The strand of “crazy H” continued with a reckless quote from Gil Mclachlan, who palmed the issue off to Tanya Hosch (The AFL general manager of inclusion and social policy), decided he wasn’t going to meet Heritier personally, defensively spoke generally and broadly without specifics on the AFL leading role in ending racism (the AFL are always as a body claiming responsibility for the actions of individuals after all). Most notably, McLachlan continued the narrative of “Crazy H” by saying “this issue is really about where he’s at and his state of mind and his welfare”. Again, it’s an insidious narrative: just get better Heritier, we want to welcome you back in the fold. Only when you are well of course, never mind the issues you’ve raised. Just get better. We’re genuinely concerned, we really are. If you could just stop raising those nasty elements about race and the boys club of football, we’d really appreciate it. We might even give you a nice title such as multi cultural ambassador…just get better….rest up, get better…

This is not just a ridiculous PR strategy that fails to tackle, listen or engage in Lumumba’s claims and listen to his story, a PR strategy that attempts to patronise, condescend and besmirch the reputation of the individual. And simply, it’s not working. It’s a story that isn’t going away, and the strategy of isolating Lumumba and hoping to simply prey on the hope people think he’s a “bit of a flog”, that if we subtly mention the time he wanted to meet Barack Obama or that he used to send out funny tweets, people will ignore the issue, chatter behind their hands about his mental health or link to when he was upset Muhammad Ali died.

Rhetoric theory at its finest, that’s what they attempted. And it’s failed miserably. The story is snowballing down the hill, every day another player speaks up or speaks out. The strategy of evasion has failed. The strategy of “Crazy H” has failed, even from the most powerful PR organisations in the land. The story isn’t dead, it’s kept alive. And the chagrin, the palpable frustration of those who can’t kill dissent is growing. Leon Davis, Andrew Krakouer, Chris Egan, they’ve all shared their experiences. Lumumba even got to explain the process of European decolonization to Doug Hawkins in one of TVs more surreal conversations (in fairness to Doug, he was more engaged and interested in the discussion than your average ex 90s footballer). Knowing PR as I do, once the AFL and Collingwood can’t kill a story, they turn vicious. This is going to get ugly, before it gets better. The next stage of rhetoric theory once persuasion fails i absolute aggression and leaks against the individual. The system doesn’t like being challenged…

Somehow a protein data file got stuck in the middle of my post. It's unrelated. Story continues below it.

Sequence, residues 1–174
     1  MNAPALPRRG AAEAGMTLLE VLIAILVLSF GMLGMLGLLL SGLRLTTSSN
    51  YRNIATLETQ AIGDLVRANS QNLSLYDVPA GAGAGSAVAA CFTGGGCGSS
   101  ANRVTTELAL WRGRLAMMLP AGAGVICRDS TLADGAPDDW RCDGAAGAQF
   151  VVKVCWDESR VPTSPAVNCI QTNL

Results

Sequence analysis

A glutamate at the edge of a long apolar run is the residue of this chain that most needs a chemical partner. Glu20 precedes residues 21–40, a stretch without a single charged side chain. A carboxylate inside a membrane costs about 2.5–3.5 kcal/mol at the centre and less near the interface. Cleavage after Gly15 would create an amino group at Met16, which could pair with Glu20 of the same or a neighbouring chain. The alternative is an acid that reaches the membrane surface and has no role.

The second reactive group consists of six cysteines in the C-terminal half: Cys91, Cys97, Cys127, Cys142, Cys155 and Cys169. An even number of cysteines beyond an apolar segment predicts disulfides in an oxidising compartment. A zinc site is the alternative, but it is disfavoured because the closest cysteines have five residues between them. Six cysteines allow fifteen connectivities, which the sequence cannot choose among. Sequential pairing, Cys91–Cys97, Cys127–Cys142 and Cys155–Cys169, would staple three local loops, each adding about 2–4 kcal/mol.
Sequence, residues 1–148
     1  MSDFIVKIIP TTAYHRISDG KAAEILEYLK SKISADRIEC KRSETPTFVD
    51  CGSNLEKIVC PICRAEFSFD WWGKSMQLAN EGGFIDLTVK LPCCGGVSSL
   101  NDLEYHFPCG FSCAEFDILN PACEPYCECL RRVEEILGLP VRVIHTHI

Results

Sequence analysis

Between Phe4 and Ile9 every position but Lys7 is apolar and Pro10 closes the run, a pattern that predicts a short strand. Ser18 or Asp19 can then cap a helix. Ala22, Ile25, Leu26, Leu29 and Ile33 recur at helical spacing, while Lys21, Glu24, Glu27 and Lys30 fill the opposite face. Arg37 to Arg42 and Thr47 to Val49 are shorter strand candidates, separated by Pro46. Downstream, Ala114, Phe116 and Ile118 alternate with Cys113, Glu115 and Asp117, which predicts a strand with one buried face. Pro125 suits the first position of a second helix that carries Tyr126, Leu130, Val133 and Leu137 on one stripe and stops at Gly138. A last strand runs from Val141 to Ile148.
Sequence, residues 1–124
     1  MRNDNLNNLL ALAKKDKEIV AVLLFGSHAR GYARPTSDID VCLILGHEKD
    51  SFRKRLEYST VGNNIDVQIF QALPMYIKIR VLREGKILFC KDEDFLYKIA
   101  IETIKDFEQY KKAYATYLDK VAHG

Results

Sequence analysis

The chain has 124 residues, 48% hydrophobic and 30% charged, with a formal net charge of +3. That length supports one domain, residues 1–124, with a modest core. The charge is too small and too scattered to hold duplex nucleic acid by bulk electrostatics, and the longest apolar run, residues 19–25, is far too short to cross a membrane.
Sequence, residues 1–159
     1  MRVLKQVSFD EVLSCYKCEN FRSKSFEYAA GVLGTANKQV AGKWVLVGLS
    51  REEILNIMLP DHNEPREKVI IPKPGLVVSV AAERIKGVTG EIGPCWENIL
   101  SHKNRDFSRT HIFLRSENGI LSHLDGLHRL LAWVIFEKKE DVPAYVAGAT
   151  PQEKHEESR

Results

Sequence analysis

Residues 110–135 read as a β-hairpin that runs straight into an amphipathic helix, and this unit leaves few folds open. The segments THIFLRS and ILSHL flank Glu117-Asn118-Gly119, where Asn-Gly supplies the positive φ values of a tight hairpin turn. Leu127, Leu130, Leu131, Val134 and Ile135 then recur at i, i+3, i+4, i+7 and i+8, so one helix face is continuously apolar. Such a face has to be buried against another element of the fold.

Incidentally, this is a side bar – Mick Malthouse. Mick Malthouse has been evasive and slippery throughout this process. Even Lumumba eulogized Malthouse in his documentary, painting the wistful old man packed with emotional intelligence to his younger contemporary who made insensitive jokes. Malthouse, a PR master of evasive, coded language, even opined “a lot went on after I left”. It’s all that nasty Nathan Buckleys fault…but who was the coach when the chimp nickname fostered? Malthouse has emerged unchallenged, when he was in charge of a system that openly didn’t care what went on, who got hurt and what was said, as long as the team kept on winning. It under his auspices that the nickname flourished. That he has been able to slip through the net without questions being asked shows maybe it’s Malthouse that’s winning the PR game after all…

The needle returns to the start of the song

We talked in the last co-posted blog post about the AFL failing to promote the women’s game. The hidden part of that post was of course that the womens game was part of the pre finals bye, slotted in with little fanfare to at least provide some football to the masses (theoretically, since James Brayshaws commentary return was seen as more worthy of mention). The pre finals bye between Round 23 and the first week of the finals was taken up in cudgels by the media as the single most important topic of the week. It sparked debate, infuriated, passionate debate about…well nothing really. It was a stale, time filling debate entirely debated by people who in 2015 openly pondered with similar solemnity that in the last round of the season teams rested players and how good would it be to have a finals bye?

The worst thing about the finals bye (apart from the conversation about the finals bye) was that it caused the media to spin-off in tangents and random nonsense even more than usual, particularly once Dustin Martin and his “circus” came to a Damien Barrett exiling rest on THAT Footy Show. Luke Darcy and his chattering classes on Talking Footy even spent time talking and idling about the supergoal and how it might help the return of the torp, hoping to spark the nation into debate about the merits of a player kicking the ball a long way. The Sunday Footy Show, the vanguard of idle blokiness (now with added Kane Cornes, you lucky people) winced and complained about a football free weekend, picked on Tony Jones teeth (the humour is: they are really white! Do you get it!) and then filled in most of the show with a montage. And of course, everyone had an opinion on the pre finals bye, that most important of topics…did you know it disadvantages the top four! We have the evidence of, er, 1 year…

This is the PR silly season: if you are vaguely involved in PR, you’ll get invites to attend lunches, you get invites to many things, people send you press releases about Ben Dixon going down a building or James Brayshaw bios or, say, a personal appearance from Nick Maxwell at a shoe store. It’s one of the emptiest of seasons in PR, football at its most talkative, past players at their most cash grabbing. If you want to hear a panel discuss the 1985 Grand Final, this is the time. The amount of paper generated in September about anything but the women’s game is significant – this is the boys month. They’ve got nothing to say, and they’ll more than ever clamour to have you pay to hear it…especially the one about Tony Jones teeth. They are really, really white…